Teifi Siff Saff Salvi Una

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    Eric Mason on #246547

    Hi All,

    I’m looking to get into harpistry, and after doing a lot of online research (sadly, I can’t really try or listen to many harps in person), I’ve narrowed my choices down to the Teifi Siff Saff and the Salvi Una. Due to the costs of shipping the Siff Saff to the U.S. and the current discount on Salvi harps, the prices are very comparable.

    So does anyone have any advice or experience regarding the comparison between these two harps?

    So far my Pros and Cons are as follows:

    Siff Saff –
    -Has the most beautiful warmth and rich sound of harps in it’s class and price range as far as I can tell (all Teifi models seem to be this way).
    -Simple, but beautiful design.
    -Teifi semitone levers which seem to win high praise

    -After shipping, comes in at about $3,400, much higher than the base price in the UK and Wales
    -Student model and 34 strings (still a lot, but less than the Una).

    Salvi Una –
    -Well rounded and even tone. Sounds great, though not exceptional, in all ranges
    -Beautiful design.
    -15% discount, putting it around $3,350.
    -Professional model with 38 strings

    -Not a Teifi :'(
    -Levers don’t seem come with the same high praise that Teifi enjoys

    So any thoughts are appreciated. My overall conclusion is that, while I love the Siff Saff, it just isn’t quite in the same class and I get a little more for my dollar with the Una, but could I be wrong?

    Keep also in mind that I know I’m a beginner, so either of these harps are more than enough, but my general philosophy when hard diving into something new like this is to purchase good quality equipment or instruments if I can afford since the decision will impact me for a long time, and I also have a solid backup plan for the harp if I happen not to enjoy it very much.

    Thanks for reading, all thoughts are greatly appreciated.

    charles-nix on #246552

    Re: qualities of sound between any similar harps. You can not tell unless you are in person. Microphones, room, and post-recording handling can make anything sound better or worse.

    Also, every model of harp has examples that will be better or worse to your ears and under your fingers.

    You will lose hundreds to thousands reselling a harp you don’t like. Is it really impossible to play in person?

    The exception might be if you don’t play yet. If not, rent one for a while and learn what you like.

    Be sure you or your technician can get parts for either in the u.s. Also check on how available the special Silk Gut Copper strings for the Una are here. You will need parts, regulation, and strings at some point.

    Biagio on #246556

    Ditto Charles’ comments and I would also ask: since shipping adds to the cost have you considered any of the following? Dusty Strings FH36, Thormahlen Swan, Sligo Raven, Magical Strings Concert Oran Mor? These are all excellent US made harps of varying cost and tone.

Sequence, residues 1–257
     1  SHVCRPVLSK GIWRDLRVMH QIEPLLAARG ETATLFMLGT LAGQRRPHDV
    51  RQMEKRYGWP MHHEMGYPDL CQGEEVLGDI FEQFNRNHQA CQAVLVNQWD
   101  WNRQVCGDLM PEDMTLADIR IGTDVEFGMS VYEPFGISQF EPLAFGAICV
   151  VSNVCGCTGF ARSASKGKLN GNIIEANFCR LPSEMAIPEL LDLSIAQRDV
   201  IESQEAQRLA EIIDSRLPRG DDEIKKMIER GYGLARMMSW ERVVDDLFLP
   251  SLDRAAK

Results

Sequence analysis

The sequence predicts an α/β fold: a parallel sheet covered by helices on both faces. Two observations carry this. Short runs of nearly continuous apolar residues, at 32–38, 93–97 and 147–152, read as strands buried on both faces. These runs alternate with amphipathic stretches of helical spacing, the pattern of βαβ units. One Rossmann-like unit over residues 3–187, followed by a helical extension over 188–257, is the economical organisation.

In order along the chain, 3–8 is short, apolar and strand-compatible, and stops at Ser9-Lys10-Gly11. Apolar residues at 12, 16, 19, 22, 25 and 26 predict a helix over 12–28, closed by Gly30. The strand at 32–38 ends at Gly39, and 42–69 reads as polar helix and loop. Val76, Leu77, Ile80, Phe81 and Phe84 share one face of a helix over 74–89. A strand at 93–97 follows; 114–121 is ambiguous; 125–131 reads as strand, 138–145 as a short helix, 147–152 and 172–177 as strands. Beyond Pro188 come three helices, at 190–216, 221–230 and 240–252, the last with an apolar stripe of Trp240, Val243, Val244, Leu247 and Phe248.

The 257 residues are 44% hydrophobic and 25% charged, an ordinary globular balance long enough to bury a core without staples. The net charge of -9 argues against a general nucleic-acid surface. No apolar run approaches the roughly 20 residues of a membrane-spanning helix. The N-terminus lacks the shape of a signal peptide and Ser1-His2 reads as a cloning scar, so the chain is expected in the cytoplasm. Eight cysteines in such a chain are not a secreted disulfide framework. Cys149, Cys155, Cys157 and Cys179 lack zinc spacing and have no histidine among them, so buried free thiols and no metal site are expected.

Best wishes,

    Eric Mason on #246559

    Thanks Charles and Biago, I need this type of advice, because when I begin a new hobby or passion I tend to get hot and heavy over it before swinging for the fences. Perhaps I’ll go back to the drawing board and try to rent one.

    As far as trying out a lot of harps, I live up in Northern Michigan, and am unaware of any harp shops nearby. There is the Michigan Harp Center downstate though and I could sacrifice a weekend and start there.

    But for my backup plan, I’m not super worried about resell value, because there’s a lady I know who’s wanted to play harp a long time, and I wouldn’t feel bad doing a rental to own for her for a bargain price if it doesn’t work out for me.

    I’ll have to check on the ease of acquiring replacement parts and strings, though Lyon and Healy isn’t too far away (that’s where the Salvis are being shipped from). Also, the cost of silk gut copper strings is a factor I’ll need to take into further consideration.

    As for the harps you recommend Biago, the Dusty FH36 is above the price range that I’m currently considering, but the others are new to me, so I’ll do some research on them as well!

    The harps I’ve been giving the most consideration to have been in the 2-3.5k price range, and that’s sort of why I thought the Una appears to be such a good deal at 15% off, but Charles is makes a fair point, and maybe I should take some more time and find a way to try some of them out in person.

    Do harpmakers routinely have discounts once or twice a year generally? Or is it fairly rare?

    charles-nix on #246561

    Don’t neglect pre-owned either. Good deals can be had, and they will have already developed their full voice. The classifieds here on harp column are a good place to start.

    balfour-knight on #246564

    Hi Eric,

    The obvious question I have, since you are indeed closer to L&H, is why haven’t you considered a L&H? It would be well worth trying all of them out and enjoying a weekend doing that.

    I once helped a friend buy a harp at the Atlanta Harp Center. She was convinced she wanted a L&H Ogden, but after several hours of playing and hearing all the lever harps they had, she selected a Camac Hermine! We know of many folks doing this same thing when buying a car, of course!